7. To those of you in denial, the analog goes out in Feb of next year in the U.S. Period. It only effects antenna/OTA, not cable or sat. reception. Regardless of how old, how much they vote or anything else, this IS going to happen in Feb of next year. Get over it, get used to it and just go get a converter or go without TV, your choice.

  8. To those of you in denial, the analog goes out in Feb of next year in the U.S. Period. It only effects antenna/OTA, not cable or sat. reception. Regardless of how old, how much they vote or anything else, this IS going to happen in Feb of next year. Get over it, get used to it and just go get a converter or go without TV, your choice.

  9. To those of you in denial, the analog goes out in Feb of next year in the U.S. Period. It only effects antenna/OTA, not cable or sat. reception. Regardless of how old, how much they vote or anything else, this IS going to happen in Feb of next year. Get over it, get used to it and just go get a converter or go without TV, your choice.

  10. Funny i remember the exact same thing being said about the anolog mobile phone network and it was turned off leaving us the digital one only and there where heaps of people with the old mobile phone at the time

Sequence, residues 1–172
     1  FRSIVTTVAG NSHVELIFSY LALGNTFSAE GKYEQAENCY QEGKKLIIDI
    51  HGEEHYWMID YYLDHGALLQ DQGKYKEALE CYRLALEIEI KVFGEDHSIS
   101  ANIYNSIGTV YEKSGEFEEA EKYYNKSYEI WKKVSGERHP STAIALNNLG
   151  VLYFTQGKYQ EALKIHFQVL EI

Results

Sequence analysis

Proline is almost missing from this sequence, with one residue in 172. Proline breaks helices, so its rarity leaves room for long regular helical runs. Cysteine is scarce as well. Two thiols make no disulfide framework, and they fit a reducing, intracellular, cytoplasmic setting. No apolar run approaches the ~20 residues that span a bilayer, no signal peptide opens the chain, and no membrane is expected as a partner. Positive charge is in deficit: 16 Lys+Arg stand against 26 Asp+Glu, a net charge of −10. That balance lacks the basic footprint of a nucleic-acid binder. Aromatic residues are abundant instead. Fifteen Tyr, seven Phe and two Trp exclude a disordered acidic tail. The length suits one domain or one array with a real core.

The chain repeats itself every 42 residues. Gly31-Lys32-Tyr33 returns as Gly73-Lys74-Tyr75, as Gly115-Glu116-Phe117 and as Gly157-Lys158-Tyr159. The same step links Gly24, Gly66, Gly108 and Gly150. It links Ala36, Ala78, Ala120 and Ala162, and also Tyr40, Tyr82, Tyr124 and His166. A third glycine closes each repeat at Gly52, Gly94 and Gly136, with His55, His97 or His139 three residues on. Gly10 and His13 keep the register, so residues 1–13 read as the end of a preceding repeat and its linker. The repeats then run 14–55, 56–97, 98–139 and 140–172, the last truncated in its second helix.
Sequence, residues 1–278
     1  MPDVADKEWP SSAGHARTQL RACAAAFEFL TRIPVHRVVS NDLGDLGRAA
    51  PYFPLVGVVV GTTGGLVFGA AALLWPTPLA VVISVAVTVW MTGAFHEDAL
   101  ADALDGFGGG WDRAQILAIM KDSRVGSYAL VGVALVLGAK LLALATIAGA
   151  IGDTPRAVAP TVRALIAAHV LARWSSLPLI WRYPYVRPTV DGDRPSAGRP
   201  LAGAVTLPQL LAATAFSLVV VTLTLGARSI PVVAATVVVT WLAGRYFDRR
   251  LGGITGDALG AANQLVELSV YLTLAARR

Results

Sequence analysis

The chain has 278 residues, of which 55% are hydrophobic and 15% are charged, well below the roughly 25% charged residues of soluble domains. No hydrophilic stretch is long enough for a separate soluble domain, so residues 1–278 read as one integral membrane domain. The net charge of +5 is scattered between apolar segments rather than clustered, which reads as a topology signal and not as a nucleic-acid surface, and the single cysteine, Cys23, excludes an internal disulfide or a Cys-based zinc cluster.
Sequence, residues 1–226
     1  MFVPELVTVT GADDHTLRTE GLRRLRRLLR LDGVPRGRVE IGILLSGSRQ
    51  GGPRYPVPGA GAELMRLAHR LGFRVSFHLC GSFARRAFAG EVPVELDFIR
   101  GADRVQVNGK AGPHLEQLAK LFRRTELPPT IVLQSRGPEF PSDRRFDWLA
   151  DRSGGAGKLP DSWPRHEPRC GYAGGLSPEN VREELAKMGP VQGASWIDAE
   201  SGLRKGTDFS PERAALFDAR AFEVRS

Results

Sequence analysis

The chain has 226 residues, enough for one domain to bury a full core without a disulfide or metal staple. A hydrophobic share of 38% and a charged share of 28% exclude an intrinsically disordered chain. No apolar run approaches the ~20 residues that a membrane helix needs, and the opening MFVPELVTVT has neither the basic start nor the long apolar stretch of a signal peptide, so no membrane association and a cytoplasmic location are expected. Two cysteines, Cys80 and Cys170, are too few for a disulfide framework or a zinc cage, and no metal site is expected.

11. Funny i remember the exact same thing being said about the anolog mobile phone network and it was turned off leaving us the digital one only and there where heaps of people with the old mobile phone at the time

  12. Has anyone pointed out to you yet that you’re mixing up your ideas about digital signal? HD means high definition. It does NOT mean digital, rather it refers to resolution. So you don’t have to buy a new HDTV, you only have to buy a TV that translates a digital signal. Or get the cheap converter that you’ve already been informed of.

    PLUS, television sets don’t last forever. And if it hasn’t already, analog sets won’t be made anymore. Remember when it happened with cell phones? That wasn’t so bad…

  13. Has anyone pointed out to you yet that you’re mixing up your ideas about digital signal? HD means high definition. It does NOT mean digital, rather it refers to resolution. So you don’t have to buy a new HDTV, you only have to buy a TV that translates a digital signal. Or get the cheap converter that you’ve already been informed of.